It may not be the best school in the world. Some of the classrooms at Mangindrano have no windows. Pupils have to sit on the floor because there are no seats. Up to 100 pupils from different grades share the same classroom and teacher.

What the school lacks in resources, however, is at least partly made up for by the dedication of some of the teachers who occasionally buy chalk out of their own money. Such is the reality of schooling in Bealanana district in northwestern Madagascar and in many of the island’s poorer areas.  

School feeding may not have all the answers in cases of such deprivation but it can do a lot to improve the lot of disadvantaged children. That is why the Government of Madagascar is investing so much in setting up a national school feeding programme, prioritizing the south where the lowest school enrolment rates and the highest levels of food insecurity are found.
 
"Such a programme is an incentive to attract and keep children at school while providing them the nutrients and energy needed to concentrate in class” explains Volahaingo Marie Thérèse, a parliamentarian from Bealanana.  
School meals promote access to education, improve the nutritional status and health of children, and help break the cycle of hunger and poverty afflicting poor areas. By procuring where possible from smallholder farmers associations, school meals also boost local agricultural production and help the economy.

WFP is supporting the government in the development of a national school feeding programme in Madagascar. A workshop - organized in Antananarivo in mid-July by the Ministry of Education, the World Bank, the Partnership for Child Development and WFP - was the first step in the development of this programme. The process is conducted in line with SABER (System Approach for Better Education Results), an education policy tool developed specially by the World Bank and WFP.

“A national school feeding programme is one of the fundamental values of the General State Policy,” said Prime Minister Kolo Roger at the closing of the workshop. “The action plan resulting from the workshop should be implemented with unequivocal commitment from the Government and renewed commitment from our partners.”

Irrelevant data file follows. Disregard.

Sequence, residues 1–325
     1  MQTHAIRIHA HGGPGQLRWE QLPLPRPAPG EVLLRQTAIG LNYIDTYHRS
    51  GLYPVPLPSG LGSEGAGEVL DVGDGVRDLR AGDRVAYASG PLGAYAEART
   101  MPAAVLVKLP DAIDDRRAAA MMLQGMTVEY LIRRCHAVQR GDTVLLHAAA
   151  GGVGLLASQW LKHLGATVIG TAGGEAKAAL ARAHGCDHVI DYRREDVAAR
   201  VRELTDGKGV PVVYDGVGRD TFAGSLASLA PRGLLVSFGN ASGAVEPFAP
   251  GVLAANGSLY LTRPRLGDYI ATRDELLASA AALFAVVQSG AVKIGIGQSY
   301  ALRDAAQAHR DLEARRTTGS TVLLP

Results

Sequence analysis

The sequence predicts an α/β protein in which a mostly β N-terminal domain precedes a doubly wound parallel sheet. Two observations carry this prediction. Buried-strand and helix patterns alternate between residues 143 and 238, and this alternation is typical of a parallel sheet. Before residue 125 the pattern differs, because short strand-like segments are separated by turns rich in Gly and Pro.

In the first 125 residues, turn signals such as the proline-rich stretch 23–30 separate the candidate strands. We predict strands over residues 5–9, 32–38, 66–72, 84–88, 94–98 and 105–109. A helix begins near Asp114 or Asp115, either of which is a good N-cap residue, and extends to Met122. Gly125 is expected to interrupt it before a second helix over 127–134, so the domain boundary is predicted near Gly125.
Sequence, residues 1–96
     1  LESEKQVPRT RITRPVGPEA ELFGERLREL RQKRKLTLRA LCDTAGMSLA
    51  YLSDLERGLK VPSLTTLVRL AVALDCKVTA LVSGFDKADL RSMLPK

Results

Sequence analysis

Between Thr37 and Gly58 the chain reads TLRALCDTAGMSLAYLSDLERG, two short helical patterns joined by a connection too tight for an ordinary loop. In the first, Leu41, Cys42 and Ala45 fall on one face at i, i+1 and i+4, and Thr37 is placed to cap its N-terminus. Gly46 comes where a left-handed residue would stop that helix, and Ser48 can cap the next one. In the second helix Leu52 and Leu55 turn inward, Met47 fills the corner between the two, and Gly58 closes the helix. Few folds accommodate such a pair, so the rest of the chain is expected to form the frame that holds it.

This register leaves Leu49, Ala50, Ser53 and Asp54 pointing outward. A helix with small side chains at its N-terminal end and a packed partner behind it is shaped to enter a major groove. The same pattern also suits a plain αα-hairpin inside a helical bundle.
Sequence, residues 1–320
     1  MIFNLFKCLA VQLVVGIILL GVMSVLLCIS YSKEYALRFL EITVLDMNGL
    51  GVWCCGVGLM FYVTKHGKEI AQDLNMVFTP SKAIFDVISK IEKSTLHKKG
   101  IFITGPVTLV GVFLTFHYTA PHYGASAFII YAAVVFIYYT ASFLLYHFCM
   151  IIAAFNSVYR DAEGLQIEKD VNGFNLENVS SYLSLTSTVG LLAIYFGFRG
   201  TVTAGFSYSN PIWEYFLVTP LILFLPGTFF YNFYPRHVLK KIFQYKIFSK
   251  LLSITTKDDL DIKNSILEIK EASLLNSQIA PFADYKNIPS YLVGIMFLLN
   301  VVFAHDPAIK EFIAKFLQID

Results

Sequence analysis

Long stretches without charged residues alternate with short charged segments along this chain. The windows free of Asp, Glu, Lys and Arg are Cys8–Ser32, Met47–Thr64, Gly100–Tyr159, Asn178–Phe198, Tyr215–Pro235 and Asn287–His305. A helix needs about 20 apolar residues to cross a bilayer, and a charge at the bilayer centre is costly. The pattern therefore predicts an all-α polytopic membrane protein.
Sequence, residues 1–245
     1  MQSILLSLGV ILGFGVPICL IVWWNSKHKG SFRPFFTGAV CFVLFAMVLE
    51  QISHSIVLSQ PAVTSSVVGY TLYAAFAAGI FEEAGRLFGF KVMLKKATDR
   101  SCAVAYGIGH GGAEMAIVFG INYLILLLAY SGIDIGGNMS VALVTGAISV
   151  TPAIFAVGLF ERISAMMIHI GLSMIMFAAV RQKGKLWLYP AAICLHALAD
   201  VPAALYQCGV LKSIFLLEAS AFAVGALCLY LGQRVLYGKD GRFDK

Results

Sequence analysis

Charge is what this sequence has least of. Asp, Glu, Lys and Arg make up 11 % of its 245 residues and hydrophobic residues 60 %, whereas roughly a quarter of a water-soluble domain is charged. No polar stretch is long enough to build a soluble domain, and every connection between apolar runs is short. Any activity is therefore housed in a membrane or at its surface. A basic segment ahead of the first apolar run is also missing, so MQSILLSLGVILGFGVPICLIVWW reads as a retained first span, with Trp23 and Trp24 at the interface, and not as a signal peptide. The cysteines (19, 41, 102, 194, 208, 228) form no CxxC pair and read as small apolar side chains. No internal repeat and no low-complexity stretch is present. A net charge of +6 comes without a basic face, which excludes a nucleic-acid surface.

WFP implements a school feeding programme targeting 220,000 beneficiaries in southern Madagascar. For 2014 -15, World Bank funds are helping provide daily hot meals to 107,000 children. US$ 3.5 million are needed to assist the remaining 113,000.  
 
WFP is continuing to mobilize resources to be able to continue the programme in the south and expand it to other regions where it can make a difference.

 

Antananarivo – The United Nations World Food Programme (WFP) supports the development of a national School Feeding programme in Madagascar which will hopefully help improve the education sector as a whole.   

642415
07/22/2014 - 18:44
Nutrition

Yabom Sesay, a woman in her fifties, has traveled over eight miles to the Songo health center from her village in the Port Loko district of northern Sierra Leone. Like many mothers and caretakers of malnourished children, she makes the trip to the clinic every Wednesday to receive food supplies and other services for her seven-month-old grandson Essa.

Essa’s mother, Isatu, died of tooth infection shortly after giving birth, and his father, a tailor, is unable to support him. This has left Sesay, a widowed grandmother, alone to care for Essa and his two siblings. She sells cake to support herself and her grandchildren.

“It has not been easy for me, especially since the children’s father has not been supportive,” she says with tears in her eyes as sweat-drenched Essa sleeps on her lap.

With limited resources available, Sesay used to give Essa powdered milk, but he became severely malnourished and sick at the age of six months. After a month of treatment through the health center’s Outpatient Therapeutic programme, he was enrolled in the center’s Supplementary Feeding Programme, designed to provide continued support for patients with moderate acute malnutrition. Through this programme, children like Essa receive rations of sugar, oil and super cereal plus—an improved corn-soya blend enriched with micronutrients—from WFP to help them recover.

Essa is now one year old and has been discharged from the programme.

“The food that Essa has been eating helped him to gain weight, and he has been healthy ever since,” Sesay proudly recalls. “Without support from WFP, Essa may not have made it.”

The Songo health center is one of 63 supplementary feeding centers in western Sierra Leone supported by WFP thanks to funding from the Government of Japan. Like many of these centers, Songo provides health and nutrition education in addition to vaccination, growth monitoring and supplementary feeding activities.

Malnutrition rates in Sierra Leone are among the highest in the world. Some 46 percent of child deaths in Sierra Leone are attributed to malnutrition, the leading cause of child mortality in the country, and 267 out of every 1,000 children die before their fifth birthday.  Malnutrition will be the primary cause of an estimated 74,000 child deaths during the next five years. If current levels of iodine deficiency do not improve over the next five years, 252,000 children could be born with varying degrees of mental retardation.

A total of 49,740 children are benefiting from the supplementary feeding programme across the country. The programme is vital to reducing malnutrition, and enriched foods provide vulnerable children the nutrients they need to thrive.

 

 

Malnutrition rates in Sierra Leone are among the highest in the world and the leading cause of child mortality in the country. In partnership with the Government of Sierra Leone, WFP is supporting malnourished children from the poorest households through a supplementary feeding programme, reaching 49,740 children across the country.